The Congregation, the least used church asset?
I worked in a large company for the better part of the decade and was a hiring manager for many of those years. At one point I was part of a hiring process for a team lead/manager and one of the other people in the process made a statement to the effect of “first we take all the resumes that don’t have an advanced degree and pitch them”. No accounting for natural ability, decades of experience etc. It seemed to me to be in the extreme wrong.
There is some argument against the emerging church movement, that they are “anti-ecclesial” in that they don’t have – pardon the pun- enough reverence for the reverend.
The crux of the argument defending the need for seminary trained clergy here seems to be “they have degrees and can read greek/latin, therefore they are uniquely qualified” which immediately creates a world view that discounts the congregation. and that seems to me to be very similar to the “let’s pitch them” approach my former co-worker had.
Now you may have guessed that my co-worker had a degree which is why they thought so highly of them, It is worht noting that people with rank in that organization also tended to have a natural deference and affinity to other people with the same rank or higher. Directors liked to remind you they were directors, especially if you weren’t. Something about being invested in a particular structure tends to make it the metric by which you in turn measure others.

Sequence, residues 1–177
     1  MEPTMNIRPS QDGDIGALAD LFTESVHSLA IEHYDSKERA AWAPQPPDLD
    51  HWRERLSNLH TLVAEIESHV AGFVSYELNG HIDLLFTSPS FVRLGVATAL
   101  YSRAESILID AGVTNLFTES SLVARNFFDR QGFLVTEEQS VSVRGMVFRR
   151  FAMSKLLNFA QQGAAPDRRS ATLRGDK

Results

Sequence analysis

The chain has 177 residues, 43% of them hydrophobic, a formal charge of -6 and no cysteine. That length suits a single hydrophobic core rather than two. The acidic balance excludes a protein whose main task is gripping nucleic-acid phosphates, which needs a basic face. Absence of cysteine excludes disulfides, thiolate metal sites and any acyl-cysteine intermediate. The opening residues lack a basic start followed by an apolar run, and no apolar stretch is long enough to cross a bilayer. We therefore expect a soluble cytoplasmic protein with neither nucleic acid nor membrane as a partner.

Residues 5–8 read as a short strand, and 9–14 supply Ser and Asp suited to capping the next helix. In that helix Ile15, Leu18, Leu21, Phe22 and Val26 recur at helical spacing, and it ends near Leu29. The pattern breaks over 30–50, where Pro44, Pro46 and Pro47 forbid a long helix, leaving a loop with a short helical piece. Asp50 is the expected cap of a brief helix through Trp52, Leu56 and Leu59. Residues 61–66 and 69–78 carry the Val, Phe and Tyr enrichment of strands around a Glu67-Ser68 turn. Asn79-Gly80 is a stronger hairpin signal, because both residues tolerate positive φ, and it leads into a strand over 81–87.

Don’t get me wrong. There was a day when you had to go to school and learn greek and latin to read the bible. But that ended with the translation of the bible into nearly every native tongue. And I will concede after that you still had to go to school to at least learn to read, which again until the last 50-100 years was something very uncommon for people. So the educated clergy reading to people was needed. But given the vast selection of highly accurate translations, from the most ancient sources possible, in a culture with essentialy full literacy, do we need formal training to read it?
I dont think so, but that doesn’t stop people from harboring a projected helplessness toward the “flock”. There are concerns if we let the average parrisioner just read the bible by themselves “they might read it wrong”, “they might reach different conclusions”.
But I say, they might be transformed, they might transform others.
The people that attend church are every bit as qualified to spread the gospel, do good works, provide care to others and yes even read and understand scripture, as anyone else in the room. But how many seminar trained clergy truely see them as equal partners? why?
My closing thought would be this, if you had 500 qualified volunteers show up every week at your door, and you put none of them to work, how effective are you being? Can you be more effective at making them part of the movement?
I was inspred to write this in response to the following post: http://www.patheos.com/blogs/bibleandculture/2012/08/13/the-anti-ecclesial-rhetoric-of-emerging-church-movements/